Friday, August 28, 2015
Interview with Devon Tivona of Pana, The AI Driven Travel Concierge
Can artificial intelligence software be the answer to better travel arrangements for you on your next trip? Denver-based Pana (www.pana.com) thinks so, and is developing AI software which works interfaces with human agents, to provide what it hopes is a much better--and more efficient--way to book travel for users. We spoke with co-founder and CEO Devon Tivona this week, to hear about the startup, which just raised $1.35M in a funding round.
How exactly does Pana work?
Devon Tivona: We're an on-demand travel concierge, for things like flights, hotels, and food. You can download our app, and you're introduced to a concierge, which can book you a trip to New York, find you a hotel in Paris, all through an easy to use chat interface. That creates an awesome experience, of having a superhero in your pocket wherever you go.
We understand there's a bunch of artificial intelligence software that is part of this process?
Devon Tivona: The actual Pana concierge is fifty percent artificial intelligence, and fifty percent actual, real humans. When a message comes into our system, we do a lot of analysis, and figure out exactly what our users are talking about. What are they asking for, where do they want to go, when do they want to come back. That analysis makes our real, human concierges hyper efficient. A traditional travel agent might be able to handle fifty clients at once, but with our software, we can handle 1,000 active users per concierge. To do that, we're doing a lot of natural language processing, and using machine learning and traditional artificial intelligence on the hundreds of thousands of messages coming through our platform. That help us understand what those conversations look like, and propose a particular response to those conversations, and things like that.
What is your prior background and how did you get into this?
Devon Tivona: We have three cofounders, two of them technical. Lianne and I met at CU, where we were both studying computer science. We both had worked at a bunch of startups. She came from Twitter, I came from a startup called Everlater. After that, I was building stuff in the travel and adventure travel space, as well as a blogging platform for adventure travelers to post their stories, which we sold to Mapquest in 2013, before we did this.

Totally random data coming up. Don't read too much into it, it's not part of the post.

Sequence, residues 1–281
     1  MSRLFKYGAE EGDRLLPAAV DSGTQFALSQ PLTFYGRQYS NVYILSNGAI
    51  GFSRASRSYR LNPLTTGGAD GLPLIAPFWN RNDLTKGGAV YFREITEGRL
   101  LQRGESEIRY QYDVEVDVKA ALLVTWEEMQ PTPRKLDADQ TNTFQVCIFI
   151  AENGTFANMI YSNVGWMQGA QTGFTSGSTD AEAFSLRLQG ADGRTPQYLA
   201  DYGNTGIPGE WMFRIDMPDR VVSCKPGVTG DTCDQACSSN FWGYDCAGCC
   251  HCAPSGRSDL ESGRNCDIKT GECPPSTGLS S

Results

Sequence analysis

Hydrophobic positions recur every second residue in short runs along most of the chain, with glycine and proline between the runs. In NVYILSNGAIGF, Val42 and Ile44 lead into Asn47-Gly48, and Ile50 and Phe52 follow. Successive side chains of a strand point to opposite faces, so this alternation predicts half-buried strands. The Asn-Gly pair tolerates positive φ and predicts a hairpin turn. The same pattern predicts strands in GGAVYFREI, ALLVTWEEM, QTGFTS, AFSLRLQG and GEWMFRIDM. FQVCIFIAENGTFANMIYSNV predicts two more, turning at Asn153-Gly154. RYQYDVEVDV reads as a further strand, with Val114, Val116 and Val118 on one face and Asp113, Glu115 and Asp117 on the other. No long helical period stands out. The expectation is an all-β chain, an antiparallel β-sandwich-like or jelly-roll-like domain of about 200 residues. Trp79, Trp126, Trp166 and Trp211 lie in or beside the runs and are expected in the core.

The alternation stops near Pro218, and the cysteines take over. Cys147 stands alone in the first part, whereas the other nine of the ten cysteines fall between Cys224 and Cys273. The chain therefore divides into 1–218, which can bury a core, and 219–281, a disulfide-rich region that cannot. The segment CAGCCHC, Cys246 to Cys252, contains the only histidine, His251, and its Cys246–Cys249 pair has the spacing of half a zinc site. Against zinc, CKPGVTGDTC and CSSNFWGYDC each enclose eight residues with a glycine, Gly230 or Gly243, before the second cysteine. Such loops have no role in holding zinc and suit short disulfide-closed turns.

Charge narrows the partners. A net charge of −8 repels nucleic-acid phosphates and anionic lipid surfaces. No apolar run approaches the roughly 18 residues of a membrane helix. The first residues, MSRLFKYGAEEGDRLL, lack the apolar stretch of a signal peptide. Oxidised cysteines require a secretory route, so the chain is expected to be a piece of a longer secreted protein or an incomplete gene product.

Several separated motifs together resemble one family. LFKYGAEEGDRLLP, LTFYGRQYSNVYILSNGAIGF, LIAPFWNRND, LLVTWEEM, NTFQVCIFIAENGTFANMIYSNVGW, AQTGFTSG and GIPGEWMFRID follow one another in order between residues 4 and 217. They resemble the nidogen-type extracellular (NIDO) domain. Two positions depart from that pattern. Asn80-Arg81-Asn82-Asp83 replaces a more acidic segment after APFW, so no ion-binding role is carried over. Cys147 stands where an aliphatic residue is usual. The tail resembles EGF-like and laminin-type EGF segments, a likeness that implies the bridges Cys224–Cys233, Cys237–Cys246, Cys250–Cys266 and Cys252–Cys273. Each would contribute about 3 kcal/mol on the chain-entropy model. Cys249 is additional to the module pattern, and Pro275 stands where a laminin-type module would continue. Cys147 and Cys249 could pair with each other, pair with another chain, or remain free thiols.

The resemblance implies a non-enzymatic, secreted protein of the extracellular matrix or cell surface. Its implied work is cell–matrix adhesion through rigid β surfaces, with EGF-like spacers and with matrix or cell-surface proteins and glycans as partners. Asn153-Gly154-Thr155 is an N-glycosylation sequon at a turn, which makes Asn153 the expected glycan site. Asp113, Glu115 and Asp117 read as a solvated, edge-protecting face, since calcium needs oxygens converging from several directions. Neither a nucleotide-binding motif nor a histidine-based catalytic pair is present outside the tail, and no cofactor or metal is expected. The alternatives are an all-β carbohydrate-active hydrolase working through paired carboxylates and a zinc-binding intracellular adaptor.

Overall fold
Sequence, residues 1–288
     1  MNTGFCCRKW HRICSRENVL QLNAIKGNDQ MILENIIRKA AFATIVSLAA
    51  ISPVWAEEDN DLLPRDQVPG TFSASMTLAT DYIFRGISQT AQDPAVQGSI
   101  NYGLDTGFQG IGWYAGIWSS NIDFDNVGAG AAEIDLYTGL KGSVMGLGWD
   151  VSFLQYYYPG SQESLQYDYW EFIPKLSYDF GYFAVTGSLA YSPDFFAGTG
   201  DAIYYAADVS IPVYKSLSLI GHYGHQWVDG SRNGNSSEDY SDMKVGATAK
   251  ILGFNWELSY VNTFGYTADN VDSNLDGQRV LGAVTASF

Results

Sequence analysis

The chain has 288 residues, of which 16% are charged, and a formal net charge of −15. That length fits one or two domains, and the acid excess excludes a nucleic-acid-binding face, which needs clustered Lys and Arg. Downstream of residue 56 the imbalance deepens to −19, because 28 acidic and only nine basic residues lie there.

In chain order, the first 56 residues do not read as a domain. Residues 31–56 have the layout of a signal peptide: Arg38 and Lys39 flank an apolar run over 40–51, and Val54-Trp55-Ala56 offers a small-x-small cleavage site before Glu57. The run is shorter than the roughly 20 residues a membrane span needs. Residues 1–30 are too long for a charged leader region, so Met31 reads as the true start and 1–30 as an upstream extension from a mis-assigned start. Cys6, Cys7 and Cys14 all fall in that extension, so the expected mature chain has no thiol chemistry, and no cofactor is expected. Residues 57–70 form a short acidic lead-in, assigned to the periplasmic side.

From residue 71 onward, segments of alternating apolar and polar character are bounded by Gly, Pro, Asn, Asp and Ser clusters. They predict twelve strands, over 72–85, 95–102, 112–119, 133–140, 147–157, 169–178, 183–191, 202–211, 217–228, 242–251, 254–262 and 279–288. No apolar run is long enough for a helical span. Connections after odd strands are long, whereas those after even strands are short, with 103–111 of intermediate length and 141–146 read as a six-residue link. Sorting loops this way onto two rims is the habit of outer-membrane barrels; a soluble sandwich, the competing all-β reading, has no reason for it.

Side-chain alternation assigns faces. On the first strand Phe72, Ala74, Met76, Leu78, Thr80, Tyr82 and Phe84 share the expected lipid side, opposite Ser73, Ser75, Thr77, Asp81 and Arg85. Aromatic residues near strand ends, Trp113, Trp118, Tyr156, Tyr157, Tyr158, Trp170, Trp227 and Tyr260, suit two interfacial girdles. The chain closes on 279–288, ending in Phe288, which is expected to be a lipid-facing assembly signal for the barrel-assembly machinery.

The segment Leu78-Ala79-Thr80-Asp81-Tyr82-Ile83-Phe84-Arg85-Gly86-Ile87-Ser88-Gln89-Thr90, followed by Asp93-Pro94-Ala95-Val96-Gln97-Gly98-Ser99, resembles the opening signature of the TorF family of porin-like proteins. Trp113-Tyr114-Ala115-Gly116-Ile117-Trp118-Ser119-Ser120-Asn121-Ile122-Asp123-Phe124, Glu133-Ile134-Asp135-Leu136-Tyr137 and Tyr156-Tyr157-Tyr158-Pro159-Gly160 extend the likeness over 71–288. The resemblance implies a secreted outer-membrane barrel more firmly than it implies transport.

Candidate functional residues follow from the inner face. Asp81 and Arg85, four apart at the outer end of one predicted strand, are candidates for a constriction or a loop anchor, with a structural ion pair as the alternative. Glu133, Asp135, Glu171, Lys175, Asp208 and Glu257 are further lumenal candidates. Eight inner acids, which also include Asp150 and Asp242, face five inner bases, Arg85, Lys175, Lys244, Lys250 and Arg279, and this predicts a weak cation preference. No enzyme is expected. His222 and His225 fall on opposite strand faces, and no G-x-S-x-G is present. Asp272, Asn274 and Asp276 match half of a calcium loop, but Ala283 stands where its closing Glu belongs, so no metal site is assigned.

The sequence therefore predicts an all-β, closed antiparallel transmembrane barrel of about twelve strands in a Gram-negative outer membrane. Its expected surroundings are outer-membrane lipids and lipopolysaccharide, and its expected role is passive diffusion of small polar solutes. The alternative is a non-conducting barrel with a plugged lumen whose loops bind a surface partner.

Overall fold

How much of this is technology, how much of this is people?
Devon Tivona: It's a 50-50 split between what the technology handles, and what real humans handle. That split will grow, and become more and more automated over time. One thing we talk about, is when a user reads a message from us, we constantly are trying to pass the Turing Test, so that they experience something that really feels like they are chatting with a real person. We always want to be passing that test. Siri, for example, is definitely not a real person. It doesn't understand you. That's why we'll always have people involved in this process. For a very complex request, the technology is never going to figure that out, even ten or fifteen years out. On the other hand, there are things like flight searches, where we can figure out where you are going, and if you prefer economy or first class, and that kind of stuff AI can handle. That makes our approach different from the Siris of the world, where you know you are talking to a chat bot. Instead, we want to make it feel like you're always talking to a real person.
How do you handle the booking end?
Devon Tivona: We have integrated our back end with a bunch of different booking engines, that come with negotiated rates from hotel and airline partners. Because we go through booking engines, you'll often see prices lower than you might see on Expedia or Kayak. Of course, fares are always different, and some will be higher, as it is on every search engine.
What's the most interesting result you've seen out of using your AI software so far?
Devon Tivona: I think it's been some of the sticky situations we've been able to get people out of, because we've seen things coming, and been able to solve for them. For example, our systems noticed that there was a train strike in Germany a couple of weeks back, and that allowed us to reach out to a traveler five or six hours before she needed to get to the airport, and help her find an alternative to the train, so she would not miss her flight. Without that information, and particularly since she did not speak German, she absolutely would have missed her flight.
Can anyone use the service now?
Devon Tivona: Our product is in private beta right now, for taste makers and early, early users. We'll be building things up for the next three or four months to a full, public launch, which is the next thing you'll see us doing. We'll continually be interating and making the product better, the technology better, so that when we launch there won't be a wait list. We want it to be an incredible experience.
Will software ever replace humans?
Devon Tivona: I can't imagine a computer doing all the complex stuff we need our assistants to do. However, I do know that we can make humans a hundred times more efficient than today, and that we have a long way to go.